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The United States Navy Names New Ship for Long-time WHOI Scientist

The U.S. Navy’s newest oceanographic survey vessel has been named the USNS MARY SEARS in honor of the long-time Woods Hole Oceanographic Institution scientist and pioneer in oceanography. Mary Sears (1905-1997) was a guiding force in the development of Woods Hole Oceanographic Institution (WHOI) and a major force in uniting the world oceanographic community while serving both her community and her country.

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WHOI Names New Director of Development

A 1975 graduate of the Woods Hole Oceanographic Institution/Massachusetts Institute of Technology Joint Program in Oceanography will be returning to Woods Hole soon in a new capacity. Dr. Daniel H. Stuermer, a chemical oceanographer who has spent much of his career as a research scientist and in corporate management, will assume the duties of WHOI Director of Development October 1.

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Nation’s First Deep-Sea Research Submersible Keeps Going and Going…

The nationA?s first human-occupied deep-sea research submersible, the three-person Alvin, turns 35 on June 5, but the tiny sub keeps on going and going. Making between 175 and 200 dives each year to depths up to 4,500 meters (14,764 feet), the sub set yet another record when it passed Dive #3,400 in late May. Alvin and its support vessel, the 274-foot Research Vessel Atlantis, are at work in the eastern Pacific and will spend the summer diving to the ocean floor off the coast of Washington and Oregon. The ship and sub, part of the U.S. National Deep Submergence Facility operated by WHOI, left their home port at Woods Hole, MA, June 2, 1997 and are not scheduled to return to Woods Hole until October 2000.

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Deputy Prime Minister of England to Visit WHOI April 23 to Discuss Deep-Sea Research, International Collaboration

John Prescott, Deputy Prime Minister of the United Kingdom and Secretary of State for the Department of Environment, Transport and the Regions, will visit Woods Hole Oceanographic Institution (WHOI) April 23 to discuss potential collaboration and to learn more about deep sea research. His visit will follow meetings earlier in the week with Vice President Al Gore and leaders of Congress in Washington, DC, and an Earth Day lecture on sustainable development at the United Nations in New York City.

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Giant Sulfur Bacteria Discovered off African Coast

The largest bacterium ever found, a harmless organism that grows as a string of white beads large enough to be visible to the naked eye, has been found in coastal sediments off the coast of Namibia by an international research team. In an article in today’s issue of the journal Science, researchers from the Max Planck Institute for Marine Microbiology in Germany, the University of Barcelona in Spain, and the Woods Hole Oceanographic Institution in Massachusetts suggest the new genus and species be named Thiomargarita namibiensis(“sulphur pearl of Namibia”).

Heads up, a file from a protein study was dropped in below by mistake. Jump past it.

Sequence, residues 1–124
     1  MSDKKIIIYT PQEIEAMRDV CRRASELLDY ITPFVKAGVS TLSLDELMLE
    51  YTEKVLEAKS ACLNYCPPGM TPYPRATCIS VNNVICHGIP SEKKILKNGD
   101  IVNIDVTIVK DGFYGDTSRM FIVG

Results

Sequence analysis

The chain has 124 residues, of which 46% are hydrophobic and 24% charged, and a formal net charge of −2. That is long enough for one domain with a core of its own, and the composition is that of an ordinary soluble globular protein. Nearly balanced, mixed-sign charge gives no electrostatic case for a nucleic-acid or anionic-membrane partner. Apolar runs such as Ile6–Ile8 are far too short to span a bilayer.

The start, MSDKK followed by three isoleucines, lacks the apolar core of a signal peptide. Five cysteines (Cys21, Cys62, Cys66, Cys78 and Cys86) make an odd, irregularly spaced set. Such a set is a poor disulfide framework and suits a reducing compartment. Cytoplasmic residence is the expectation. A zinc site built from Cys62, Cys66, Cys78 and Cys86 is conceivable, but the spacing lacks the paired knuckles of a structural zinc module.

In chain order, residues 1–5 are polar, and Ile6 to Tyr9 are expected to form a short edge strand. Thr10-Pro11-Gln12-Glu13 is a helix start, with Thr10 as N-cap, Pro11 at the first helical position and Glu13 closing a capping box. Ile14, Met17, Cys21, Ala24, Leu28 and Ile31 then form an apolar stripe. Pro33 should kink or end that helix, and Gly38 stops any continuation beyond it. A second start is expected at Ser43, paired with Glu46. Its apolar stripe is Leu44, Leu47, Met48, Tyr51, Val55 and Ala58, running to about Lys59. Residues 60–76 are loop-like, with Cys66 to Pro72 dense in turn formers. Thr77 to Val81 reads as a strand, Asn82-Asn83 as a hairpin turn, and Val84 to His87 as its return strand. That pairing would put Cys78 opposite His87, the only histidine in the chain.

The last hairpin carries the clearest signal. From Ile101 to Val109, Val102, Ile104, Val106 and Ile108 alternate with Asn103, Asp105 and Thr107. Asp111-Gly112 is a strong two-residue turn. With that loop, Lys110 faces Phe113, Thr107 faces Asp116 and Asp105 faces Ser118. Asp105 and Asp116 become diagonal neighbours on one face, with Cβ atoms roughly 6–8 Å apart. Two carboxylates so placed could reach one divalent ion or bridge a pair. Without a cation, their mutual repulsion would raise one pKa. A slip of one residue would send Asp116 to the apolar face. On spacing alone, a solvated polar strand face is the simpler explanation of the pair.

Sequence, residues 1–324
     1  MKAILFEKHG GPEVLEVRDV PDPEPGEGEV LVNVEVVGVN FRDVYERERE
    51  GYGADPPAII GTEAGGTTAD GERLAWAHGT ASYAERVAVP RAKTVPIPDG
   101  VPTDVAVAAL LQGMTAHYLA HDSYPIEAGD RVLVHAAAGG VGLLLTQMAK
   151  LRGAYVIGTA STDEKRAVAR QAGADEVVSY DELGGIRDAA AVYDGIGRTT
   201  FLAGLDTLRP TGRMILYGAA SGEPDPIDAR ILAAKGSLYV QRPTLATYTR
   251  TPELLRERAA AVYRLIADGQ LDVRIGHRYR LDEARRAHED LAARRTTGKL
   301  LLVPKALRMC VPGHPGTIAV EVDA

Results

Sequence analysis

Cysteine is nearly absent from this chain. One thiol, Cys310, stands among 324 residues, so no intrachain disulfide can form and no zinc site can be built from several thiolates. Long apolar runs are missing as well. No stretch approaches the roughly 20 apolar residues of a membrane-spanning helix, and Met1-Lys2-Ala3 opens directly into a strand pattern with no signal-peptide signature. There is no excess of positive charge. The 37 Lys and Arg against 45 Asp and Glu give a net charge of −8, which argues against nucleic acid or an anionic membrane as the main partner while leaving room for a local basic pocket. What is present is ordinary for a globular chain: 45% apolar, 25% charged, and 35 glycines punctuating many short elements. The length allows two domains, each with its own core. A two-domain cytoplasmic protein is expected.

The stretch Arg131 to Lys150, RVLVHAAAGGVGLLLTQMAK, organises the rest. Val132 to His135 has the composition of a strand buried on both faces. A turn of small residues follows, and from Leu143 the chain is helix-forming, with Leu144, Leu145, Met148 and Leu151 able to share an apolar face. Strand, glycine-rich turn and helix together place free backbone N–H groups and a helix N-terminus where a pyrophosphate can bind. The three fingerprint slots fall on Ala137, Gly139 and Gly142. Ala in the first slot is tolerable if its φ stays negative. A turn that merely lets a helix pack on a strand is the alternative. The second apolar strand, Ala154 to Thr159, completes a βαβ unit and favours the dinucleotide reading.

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Active 14,000 Foot Submarine Volcano Found near Samoa in South Pacific

An active volcano rising more than 4,300 meters (over 14,100 feet) from the ocean floor in the Samoa Islands has been discovered by a team of U.S. scientists, providing more evidence to the scientific debate over the formation of hot spot island chains. The volcano, more than 35 kilometers (about 22 miles) across at its base, rises to within 600 meters (about 2,000 feet) of the surface; its peak is marked by a circular caldera some two kilometers (over 1 mile) across and 400 meters (1,300 feet) deep. It is similar in size to Mt. Whitney in California, the largest mountain in the contiguous 48 U.S. states.

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Marie Tharp Honored at Women Pioneers Seminar

Oceanographic cartographer Marie Tharp, co-creator of the first world ocean floor map and co-discoverer of the central rift valley that runs through the Mid-Atlantic Ridge, was honored by the Women’s Committee of the Woods Hole Oceanographic Institution (WHOI) March 30 with the 1999 Women Pioneers in Oceanography Award.

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New Model Suggests Northern Right Whale Population on Path to Extinction

The North Atlantic northern right whale, considered to be the most endangered large whale species, is headed for extinction unless human intervention improves survival, according to a new study by researchers at Woods Hole Oceanographic Institution (WHOI) and the University of Massachusetts, Boston (UMASS Boston). Their report, the first to obtain rigorous statistical estimates of survival probability of this population, was published today in the “Proceedings of the National Academy of Sciences.”

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Three WHOI Scientists Recognized with Endowed Positions

Three scientists have been recognized by the Woods Hole Oceanographic Institution (WHOI) for their contributions to ocean sciences research. Drs. Cheryl Ann Butman of the Applied Ocean Physics and Engineering Department, David A. Caron of the Biology Department and Brian E. Tucholke of the Geology and Geophysics Department have each been named the recipient of an endowed chair at the Institution. Each chair brings financial support for a period of five years, allowing the recipient the freedom to pursue a variety of career interests.